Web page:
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Oakland Program Aims to Pique Girls’ Interest in Science, Tech Careers

December 29, 2011 at 12:00 AM EDT
As part of the NewsHour's American Graduate series, correspondent Spencer Michels reports on Techbridge, an after-school program based in Oakland, Calif., that shows hundreds of female students a path to pursuing careers in science and technology, while also trying to minimize the chances of them dropping out of school.

JEFFREY BROWN: Next, enticing students, especially girls, to stay in school by promoting a future for them in science, technology or engineering.

NewsHour correspondent Spencer Michels has the story. It’s part of our American Graduate series: an 18-month project with other public media partners to examine the causes of and solutions to the high school dropout problem.

MAN: So this was a weapon to attack usually a castle.

SPENCER MICHELS: In an after school class at Frick Middle School in Oakland, Calif., 20 girls are trying to figure out how to build a catapult out of tongue depressors and rubber bands.

WOMAN: Okay. So, you need to maybe figure out how to stop it there.

SPENCER MICHELS: Among them is 13-year-old Ebony Green, an eighth-grader who decided to sign up for this extra science class to improve her academic record and her chances of finishing school and going to college.

WOMAN: Try it again.

SPENCER MICHELS: Ebony is one of 600 middle school and high school girls in Oakland and nearby cities enrolled in a program called Techbridge, which tries to inspire them to enter fields traditionally dominated by white or Asian males.

At the same time, it keeps kids at risk of dropping out interested in school. Techbridge lets girls engineer and build things on their own, with a little help.

WOMAN: Whoa!

WOMAN: Whoa!

STUDENT: There you go.

EBONY GREEN, student: It’s interesting. I never knew about soldering, or I never knew about crystals or anything like that. And since I’m interested in that, I wanted to get into a program where there’s a lot about it.

SPENCER MICHELS: In addition to Techbridge, she’s also taking part in school activities like cheerleading, which also meets after school. It’s dark when she finishes practice and walks the six blocks home from school, through a neighborhood where police sirens are commonplace.

EBONY GREEN: The hard part is probably living in a bad neighborhood. I know people that go here, and they, like, get in a lot of trouble and they’re loud sometimes. And police, like, comes over here sometimes for next-door neighbors or something like that, loud music and stuff like that, disturbances.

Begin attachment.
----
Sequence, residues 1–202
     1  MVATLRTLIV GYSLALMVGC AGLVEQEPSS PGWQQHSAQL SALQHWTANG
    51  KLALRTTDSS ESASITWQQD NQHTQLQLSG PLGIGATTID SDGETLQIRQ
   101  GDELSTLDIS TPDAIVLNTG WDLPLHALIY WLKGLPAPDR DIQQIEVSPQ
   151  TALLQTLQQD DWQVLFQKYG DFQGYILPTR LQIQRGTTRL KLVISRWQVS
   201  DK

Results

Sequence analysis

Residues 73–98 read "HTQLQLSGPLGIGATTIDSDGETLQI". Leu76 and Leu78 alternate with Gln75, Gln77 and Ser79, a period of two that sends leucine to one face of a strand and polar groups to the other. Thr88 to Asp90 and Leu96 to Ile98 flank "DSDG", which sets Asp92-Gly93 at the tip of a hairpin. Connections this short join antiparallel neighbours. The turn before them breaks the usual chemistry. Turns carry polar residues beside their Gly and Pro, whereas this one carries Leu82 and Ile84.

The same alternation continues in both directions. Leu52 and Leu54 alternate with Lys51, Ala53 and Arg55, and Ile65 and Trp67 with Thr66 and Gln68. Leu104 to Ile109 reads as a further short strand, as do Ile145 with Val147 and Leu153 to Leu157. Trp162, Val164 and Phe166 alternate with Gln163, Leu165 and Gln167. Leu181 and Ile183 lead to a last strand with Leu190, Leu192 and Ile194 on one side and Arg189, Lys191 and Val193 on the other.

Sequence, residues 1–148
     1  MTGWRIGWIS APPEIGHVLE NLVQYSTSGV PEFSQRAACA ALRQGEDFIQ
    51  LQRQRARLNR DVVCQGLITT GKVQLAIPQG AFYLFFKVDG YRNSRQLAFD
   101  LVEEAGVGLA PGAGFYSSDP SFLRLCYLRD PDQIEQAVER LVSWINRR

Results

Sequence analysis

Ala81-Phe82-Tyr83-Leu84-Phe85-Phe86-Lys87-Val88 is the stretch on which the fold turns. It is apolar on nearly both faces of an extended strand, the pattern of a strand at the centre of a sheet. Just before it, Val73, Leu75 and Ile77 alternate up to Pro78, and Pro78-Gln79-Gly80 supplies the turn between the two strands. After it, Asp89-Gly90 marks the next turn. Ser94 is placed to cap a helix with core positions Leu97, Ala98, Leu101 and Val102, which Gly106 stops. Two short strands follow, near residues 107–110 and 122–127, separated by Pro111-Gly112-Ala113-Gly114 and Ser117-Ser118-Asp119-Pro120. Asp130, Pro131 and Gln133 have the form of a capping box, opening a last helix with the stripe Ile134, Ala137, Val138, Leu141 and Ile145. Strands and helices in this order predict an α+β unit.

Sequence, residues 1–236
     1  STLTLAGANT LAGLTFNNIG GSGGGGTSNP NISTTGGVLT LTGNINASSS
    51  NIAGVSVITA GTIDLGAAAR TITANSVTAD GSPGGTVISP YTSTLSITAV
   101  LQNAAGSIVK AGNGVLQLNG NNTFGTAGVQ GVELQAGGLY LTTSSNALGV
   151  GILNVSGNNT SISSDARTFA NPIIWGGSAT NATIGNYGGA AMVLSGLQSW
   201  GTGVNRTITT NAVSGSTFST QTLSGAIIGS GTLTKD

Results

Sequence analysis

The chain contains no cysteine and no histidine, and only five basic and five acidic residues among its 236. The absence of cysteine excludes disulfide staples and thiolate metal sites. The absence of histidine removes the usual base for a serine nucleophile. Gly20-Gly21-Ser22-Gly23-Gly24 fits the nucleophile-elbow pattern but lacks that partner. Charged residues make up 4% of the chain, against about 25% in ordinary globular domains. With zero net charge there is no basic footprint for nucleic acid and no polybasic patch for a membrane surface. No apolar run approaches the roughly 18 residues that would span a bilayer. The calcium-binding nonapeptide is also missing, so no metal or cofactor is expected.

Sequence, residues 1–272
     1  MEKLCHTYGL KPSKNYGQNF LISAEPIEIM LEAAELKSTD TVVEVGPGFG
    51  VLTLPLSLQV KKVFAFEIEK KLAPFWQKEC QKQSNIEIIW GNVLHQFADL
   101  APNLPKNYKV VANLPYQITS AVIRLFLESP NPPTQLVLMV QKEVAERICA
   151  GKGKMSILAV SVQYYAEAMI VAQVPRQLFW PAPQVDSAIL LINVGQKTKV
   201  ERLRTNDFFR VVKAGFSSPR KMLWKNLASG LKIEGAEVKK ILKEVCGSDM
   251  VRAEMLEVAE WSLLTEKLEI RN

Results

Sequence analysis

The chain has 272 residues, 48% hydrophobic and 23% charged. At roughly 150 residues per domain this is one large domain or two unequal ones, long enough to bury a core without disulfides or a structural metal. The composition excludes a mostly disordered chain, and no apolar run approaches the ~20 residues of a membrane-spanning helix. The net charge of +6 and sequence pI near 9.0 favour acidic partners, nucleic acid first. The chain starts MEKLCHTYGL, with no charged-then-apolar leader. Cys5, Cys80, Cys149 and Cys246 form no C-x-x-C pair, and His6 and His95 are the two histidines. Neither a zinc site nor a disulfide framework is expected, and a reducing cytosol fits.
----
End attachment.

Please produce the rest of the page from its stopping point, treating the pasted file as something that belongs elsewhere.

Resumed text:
SPENCER MICHELS: She comes from a single-parent family. Her mother, Ina Hubbard, finds work occasionally as a home care worker, and has two other children.

INA HUBBARD, mother of Ebony Green: I have lived in worse neighborhoods growing up. So, you know, it’s not really bad. But she doesn’t go outside much, you know, hang out with the neighborhood kids or anything.

SPENCER MICHELS: Ebony does pretty well at school, not great. At home, she has a computer, but no Internet connection. She says it costs too much. She is frequently late for class, often an indication of problems.

EBONY GREEN: When I get up in the morning, I don’t get up like really early, so I have — a lot of times, I have to rush. And then when I get to school, I get there late.

SPENCER MICHELS: Kevin Eastman, like many teachers in the Oakland schools, routinely deals with children having trouble.

KEVIN EASTMAN, science teacher: Rudolfo, you need a pass.

SPENCER MICHELS: Eastman teaches regular science classes at Frick. Once a week, after school, Eastman spends two hours at Techbridge, which pays him, using grant money, to hook kids on learning.

STUDENT: Oh, touchdown!

KEVIN EASTMAN: Well, I think science is probably one of the easiest things to get them interested in. I know I’ve taught a lot of math, and kids are really frustrated and struggling in math because of lack of skills.

EBONY GREEN: I get confused very easily when I’m doing math.

KEVIN EASTMAN: So, science is a place where we can do some things that are fun, intriguing, challenging.

SPENCER MICHELS: Techbridge is enthusiastically endorsed by Oakland school officials.

And Oakland can use the help. It’s a city with startling contrasts of wealth, boasting charming hillside neighborhoods with bay views and good schools. Still, 45 percent of Oakland children don’t attend Oakland public schools.

The city also contains large pockets of poverty, mostly in the flatlands, where Ebony’s family lives. Taken together, the city’s public schools have an alarmingly high dropout rate. Only about half those enrolled graduate from high school, according to Tony Smith, school superintendent for the last two years.

TONY SMITH, Oakland Schools superintendent: I think we haven’t designed schools and the education system in ways that really meet the needs of all young people, in particular children of color.